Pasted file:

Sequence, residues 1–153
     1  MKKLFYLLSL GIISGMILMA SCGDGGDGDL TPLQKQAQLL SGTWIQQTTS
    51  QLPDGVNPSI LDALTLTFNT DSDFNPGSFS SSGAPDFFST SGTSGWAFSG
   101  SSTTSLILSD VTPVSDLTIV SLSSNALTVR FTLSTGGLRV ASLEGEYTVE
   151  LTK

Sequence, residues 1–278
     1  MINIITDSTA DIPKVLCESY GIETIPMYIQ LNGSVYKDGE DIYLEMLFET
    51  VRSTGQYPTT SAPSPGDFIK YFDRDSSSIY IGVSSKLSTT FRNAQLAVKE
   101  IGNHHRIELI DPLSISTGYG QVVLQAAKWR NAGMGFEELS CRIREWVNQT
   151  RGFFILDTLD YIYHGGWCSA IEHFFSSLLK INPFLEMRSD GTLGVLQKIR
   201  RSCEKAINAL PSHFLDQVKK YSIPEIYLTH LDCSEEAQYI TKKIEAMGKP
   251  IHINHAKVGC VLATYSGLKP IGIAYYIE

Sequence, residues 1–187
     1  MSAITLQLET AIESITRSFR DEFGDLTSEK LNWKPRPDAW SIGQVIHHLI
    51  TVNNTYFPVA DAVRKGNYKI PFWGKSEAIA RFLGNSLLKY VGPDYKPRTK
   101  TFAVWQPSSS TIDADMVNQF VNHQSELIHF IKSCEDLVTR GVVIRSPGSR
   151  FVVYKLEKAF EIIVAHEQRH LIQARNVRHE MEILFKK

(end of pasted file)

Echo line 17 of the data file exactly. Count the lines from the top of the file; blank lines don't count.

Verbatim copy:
   151  FVVYKLEKAF EIIVAHEQRH LIQARNVRHE MEILFKK